Finally heeding the call to make a passion project, Director Chris A. Neal (last seen on DN here) set off down the road of production on Today You, Tomorrow Me – a modern day Good Samaritan story which feels particularly resonant (and needed) for the polarized period we’re currently living through. Joining us on DN today, Neal explains how Today You, Tomorrow Me went from an inspiring internet comment to a sun chasing short film which challenges the concept of who we should consider as our neighbours.
Everybody in this industry I respect is always shouting, “make a passion project!” After reading Like Brothers by the Duplass brothers, I decided to take that advice seriously. I had about $10k set aside and decided to pull the trigger.
The story was inspired by an internet comment that blew up back in 2010. I had that comment saved and would regularly go back to it, and I’ve always wanted to bring it to life. I love the depth and brilliance of this ‘Good Samaritan’ style parable. It’s timeless, and it challenges the idea of ‘who is my neighbor?’ in both a convicting but inspiring way. It breathes life and desire to care for others in an authentic way because of the human spark over anything else.
I love the depth and brilliance of this ‘Good Samaritan’ style parable.
While writing, I wanted to dive deeper into the love thy neighbor theme. I wanted to mirror the family dynamic and also directly mirror the men themselves. They both are blue-collar, hard working guys. They both drive Ford trucks. Even their attitude and ‘machismo’ is similar. The score also rides this theme with the use of acoustic ‘blue collar’ guitar and the introduction of a similar yet different charango when the Mexican family arrives.
After I wrote the story, I synced up with Cameron Trejo (EP). He was awesome and helped bring a ton of amazing Arizona folks into the mix. We started nailing down crew, locations, and props. I started reaching out to DPs and JP Summers was one of the first ones I emailed. He called me 20 minutes after I sent the email with a treatment. I immediately liked his personality and vision for the project and was stoked to have him in.
Casting was initially difficult (finding a cohesive family is tough). I found Elizabeth Selby (the mother) first, she was amazing. After reaching out everywhere, I finally stumbled across Christopher Bustos (the father) on Instagram. His read was incredible. Last, finding a little girl that spoke fluent Spanish was really hard. I finally found Andrea Carranza (Maria), through a friend’s younger sister. She had no acting experience, but she was incredible and did such an amazing job on her first film. Alex House (Mark) and I worked on making her feel comfortable. We even did a few takes where I would call cut, I would ‘take a break,’ but the crew would keep rolling and let Andrea and Alex just chat and interact.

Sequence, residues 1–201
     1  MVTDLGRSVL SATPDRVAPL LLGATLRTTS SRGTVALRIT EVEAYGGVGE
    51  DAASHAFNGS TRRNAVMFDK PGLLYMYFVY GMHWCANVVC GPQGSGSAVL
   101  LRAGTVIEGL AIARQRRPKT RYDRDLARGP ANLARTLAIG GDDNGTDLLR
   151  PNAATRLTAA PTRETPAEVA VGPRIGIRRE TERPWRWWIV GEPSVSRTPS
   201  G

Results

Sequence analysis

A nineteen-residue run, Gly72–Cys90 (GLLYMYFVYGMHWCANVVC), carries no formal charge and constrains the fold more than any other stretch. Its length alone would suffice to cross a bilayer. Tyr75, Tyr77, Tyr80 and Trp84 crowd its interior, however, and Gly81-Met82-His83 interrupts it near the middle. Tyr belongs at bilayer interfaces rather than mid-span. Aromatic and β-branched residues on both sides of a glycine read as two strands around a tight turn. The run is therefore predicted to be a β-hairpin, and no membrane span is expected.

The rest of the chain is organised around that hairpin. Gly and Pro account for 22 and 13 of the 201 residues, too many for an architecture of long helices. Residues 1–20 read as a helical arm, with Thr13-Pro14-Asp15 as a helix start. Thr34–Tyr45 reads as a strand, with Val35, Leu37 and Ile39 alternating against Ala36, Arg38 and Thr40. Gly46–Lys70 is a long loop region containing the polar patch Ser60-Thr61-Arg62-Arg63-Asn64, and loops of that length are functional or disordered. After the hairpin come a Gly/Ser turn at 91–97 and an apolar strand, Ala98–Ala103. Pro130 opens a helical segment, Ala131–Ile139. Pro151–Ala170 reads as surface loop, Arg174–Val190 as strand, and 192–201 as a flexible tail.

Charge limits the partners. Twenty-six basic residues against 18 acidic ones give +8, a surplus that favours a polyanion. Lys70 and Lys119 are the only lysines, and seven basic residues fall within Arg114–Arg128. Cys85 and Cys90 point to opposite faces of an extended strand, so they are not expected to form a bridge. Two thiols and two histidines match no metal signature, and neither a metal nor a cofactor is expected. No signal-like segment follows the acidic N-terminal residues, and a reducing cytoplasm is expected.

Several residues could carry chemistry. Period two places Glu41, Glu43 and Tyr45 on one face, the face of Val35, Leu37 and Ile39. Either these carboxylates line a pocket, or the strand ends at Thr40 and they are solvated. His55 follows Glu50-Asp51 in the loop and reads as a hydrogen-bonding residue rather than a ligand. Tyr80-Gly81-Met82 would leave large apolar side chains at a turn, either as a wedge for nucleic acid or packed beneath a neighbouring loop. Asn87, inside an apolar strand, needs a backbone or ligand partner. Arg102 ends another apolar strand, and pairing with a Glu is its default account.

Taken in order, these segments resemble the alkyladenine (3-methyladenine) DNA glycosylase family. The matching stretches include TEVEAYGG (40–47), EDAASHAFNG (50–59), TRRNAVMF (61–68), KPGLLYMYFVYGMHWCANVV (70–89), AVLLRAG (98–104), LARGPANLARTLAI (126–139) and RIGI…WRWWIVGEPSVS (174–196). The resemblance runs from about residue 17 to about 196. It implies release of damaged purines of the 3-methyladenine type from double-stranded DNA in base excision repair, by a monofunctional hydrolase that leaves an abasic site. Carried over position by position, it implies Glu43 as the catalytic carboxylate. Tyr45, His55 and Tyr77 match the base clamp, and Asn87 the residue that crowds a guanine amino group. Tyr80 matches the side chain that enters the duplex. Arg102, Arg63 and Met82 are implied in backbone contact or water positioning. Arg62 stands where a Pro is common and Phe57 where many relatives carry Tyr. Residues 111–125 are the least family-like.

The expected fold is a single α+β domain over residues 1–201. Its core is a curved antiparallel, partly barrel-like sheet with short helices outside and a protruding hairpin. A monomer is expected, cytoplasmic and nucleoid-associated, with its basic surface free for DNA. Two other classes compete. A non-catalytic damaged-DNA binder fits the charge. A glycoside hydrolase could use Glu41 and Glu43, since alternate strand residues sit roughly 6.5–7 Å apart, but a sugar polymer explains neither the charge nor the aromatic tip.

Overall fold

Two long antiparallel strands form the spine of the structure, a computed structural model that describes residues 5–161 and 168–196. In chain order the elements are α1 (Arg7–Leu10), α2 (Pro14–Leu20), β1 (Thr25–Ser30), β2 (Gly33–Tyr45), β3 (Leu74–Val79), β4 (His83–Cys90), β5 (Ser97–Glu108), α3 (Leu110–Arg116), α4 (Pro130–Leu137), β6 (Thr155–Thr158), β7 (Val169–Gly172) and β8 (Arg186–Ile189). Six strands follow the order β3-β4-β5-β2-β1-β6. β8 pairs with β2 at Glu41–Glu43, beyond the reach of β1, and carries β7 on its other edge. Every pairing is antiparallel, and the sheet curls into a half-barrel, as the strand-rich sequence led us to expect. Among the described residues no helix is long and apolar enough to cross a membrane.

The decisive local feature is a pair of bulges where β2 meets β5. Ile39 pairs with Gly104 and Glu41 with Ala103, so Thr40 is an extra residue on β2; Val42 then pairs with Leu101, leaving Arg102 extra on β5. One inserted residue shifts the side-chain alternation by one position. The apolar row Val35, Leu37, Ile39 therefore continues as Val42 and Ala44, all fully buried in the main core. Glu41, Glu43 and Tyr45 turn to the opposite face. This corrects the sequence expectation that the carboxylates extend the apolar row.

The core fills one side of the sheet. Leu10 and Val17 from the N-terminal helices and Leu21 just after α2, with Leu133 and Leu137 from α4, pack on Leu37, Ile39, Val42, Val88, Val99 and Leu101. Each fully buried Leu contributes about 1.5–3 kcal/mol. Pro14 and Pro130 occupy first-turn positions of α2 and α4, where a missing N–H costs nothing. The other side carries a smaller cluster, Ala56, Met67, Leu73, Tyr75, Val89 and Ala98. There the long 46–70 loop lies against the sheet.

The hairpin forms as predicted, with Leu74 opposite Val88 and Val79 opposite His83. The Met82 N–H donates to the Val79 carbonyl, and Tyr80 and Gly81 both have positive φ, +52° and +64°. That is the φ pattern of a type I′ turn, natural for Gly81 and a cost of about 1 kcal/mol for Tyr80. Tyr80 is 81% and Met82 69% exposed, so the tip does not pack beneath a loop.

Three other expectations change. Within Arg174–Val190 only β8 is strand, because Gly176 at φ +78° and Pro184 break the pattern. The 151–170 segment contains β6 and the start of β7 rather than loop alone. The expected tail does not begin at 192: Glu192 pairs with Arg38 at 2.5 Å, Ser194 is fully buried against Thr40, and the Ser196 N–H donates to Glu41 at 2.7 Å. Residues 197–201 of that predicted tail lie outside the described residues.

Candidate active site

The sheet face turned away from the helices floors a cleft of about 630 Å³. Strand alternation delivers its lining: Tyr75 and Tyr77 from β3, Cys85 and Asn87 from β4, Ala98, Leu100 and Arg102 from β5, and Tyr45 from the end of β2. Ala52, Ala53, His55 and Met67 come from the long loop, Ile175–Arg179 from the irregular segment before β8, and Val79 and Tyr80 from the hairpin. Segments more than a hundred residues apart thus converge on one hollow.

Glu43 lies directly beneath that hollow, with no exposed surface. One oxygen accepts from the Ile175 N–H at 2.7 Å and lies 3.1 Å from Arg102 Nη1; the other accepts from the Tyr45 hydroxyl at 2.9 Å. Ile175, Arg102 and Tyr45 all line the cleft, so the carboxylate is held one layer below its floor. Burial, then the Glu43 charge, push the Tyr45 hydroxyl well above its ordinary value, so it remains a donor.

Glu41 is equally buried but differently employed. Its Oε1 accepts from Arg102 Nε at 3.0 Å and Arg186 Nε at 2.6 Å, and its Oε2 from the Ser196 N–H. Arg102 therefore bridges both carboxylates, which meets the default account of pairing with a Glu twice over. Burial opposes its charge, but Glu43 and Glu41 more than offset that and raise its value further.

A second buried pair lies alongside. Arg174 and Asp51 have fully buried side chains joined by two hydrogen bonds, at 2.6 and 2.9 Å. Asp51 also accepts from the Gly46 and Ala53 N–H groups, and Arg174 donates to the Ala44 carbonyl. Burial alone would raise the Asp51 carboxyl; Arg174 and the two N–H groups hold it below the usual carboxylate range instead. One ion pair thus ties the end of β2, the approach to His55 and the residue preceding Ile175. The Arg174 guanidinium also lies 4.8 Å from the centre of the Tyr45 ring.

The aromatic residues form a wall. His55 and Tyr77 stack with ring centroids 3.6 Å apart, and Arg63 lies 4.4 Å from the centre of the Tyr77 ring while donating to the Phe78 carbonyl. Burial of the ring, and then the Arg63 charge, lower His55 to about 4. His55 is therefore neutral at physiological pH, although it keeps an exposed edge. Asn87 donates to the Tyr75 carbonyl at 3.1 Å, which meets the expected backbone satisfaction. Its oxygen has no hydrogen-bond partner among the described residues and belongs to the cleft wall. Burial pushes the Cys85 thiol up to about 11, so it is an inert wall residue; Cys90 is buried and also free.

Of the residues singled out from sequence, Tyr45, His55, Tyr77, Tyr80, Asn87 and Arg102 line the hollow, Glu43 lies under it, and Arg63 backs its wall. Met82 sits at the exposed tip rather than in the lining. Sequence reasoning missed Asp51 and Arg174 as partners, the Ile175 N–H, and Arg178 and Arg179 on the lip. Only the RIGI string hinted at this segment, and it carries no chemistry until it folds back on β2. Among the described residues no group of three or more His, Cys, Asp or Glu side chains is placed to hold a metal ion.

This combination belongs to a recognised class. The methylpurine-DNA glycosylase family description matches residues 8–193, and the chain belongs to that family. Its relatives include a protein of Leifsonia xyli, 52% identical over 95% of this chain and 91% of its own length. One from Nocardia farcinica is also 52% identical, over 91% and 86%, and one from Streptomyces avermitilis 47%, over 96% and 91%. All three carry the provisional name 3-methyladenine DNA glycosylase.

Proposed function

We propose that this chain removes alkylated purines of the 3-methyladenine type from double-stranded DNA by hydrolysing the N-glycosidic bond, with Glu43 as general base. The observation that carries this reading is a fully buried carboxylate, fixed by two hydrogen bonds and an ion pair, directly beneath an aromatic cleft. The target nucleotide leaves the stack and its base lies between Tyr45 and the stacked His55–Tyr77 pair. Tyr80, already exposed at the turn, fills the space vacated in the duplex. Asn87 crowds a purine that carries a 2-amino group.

During production, we shot over 3-days at a McDowell Park just north of Phoenix. The film was shot on an Alexa Mini with Cooke Anamorphics using only natural light. We had a sprinter van and used grip gear (bounce, silk, mirror board, neg) to shape. We framed the days around the sun. We shot the first 4-minutes during the hot part of the day, then we only had about 3 hours each afternoon to get the family interactions. Chasing the sun was one of the toughest things. Once the sun set behind the mountain, we were done for the day and couldn’t capture anything else. JP did an amazing job getting coverage and working fast. He was moving around like a mad man using every second to capture moments in perfect light. [Neal goes into exhaustive depth about the shoot’s equipment set up in his article Behind the Gear: Today You, Tomorrow Me]
Post-production took about 6-months. It was definitely a passion project, so folks were pitching in and working in-between commercial jobs (myself included). I ended up writing the score myself, which was fun but also took some time (helped me save on budget though).
All in all, this project stretched me more than anything else I’ve done in life. It took about a year from concept to completion and was primarily self-funded (folks have pitched in time and money to help). When you spend that much time, energy, and money on something it’s always nervy to share it with the world.
I decided to release it online because I honestly want to move into the next project (while still submitting to fests that allow online). I didn’t want to spend another year with this film hidden away (also since the comment started online).
This project stretched me more than anything else I’ve done in life.
The reaction to the film has been amazing so far. I showcased it at BBDO’s Regielounge in Germany and people online are loving it. Something I really appreciate is the reaction from non-filmmakers. I get caught up trying to impress that small indie filmmaker crowd at times. But honestly, this project has reinforced that I’d rather make films for the everyday person. Films that explore simple, human, and powerful themes. I’ve still got a long way to go, but I think Today You, Tomorrow Me is a step in the right direction.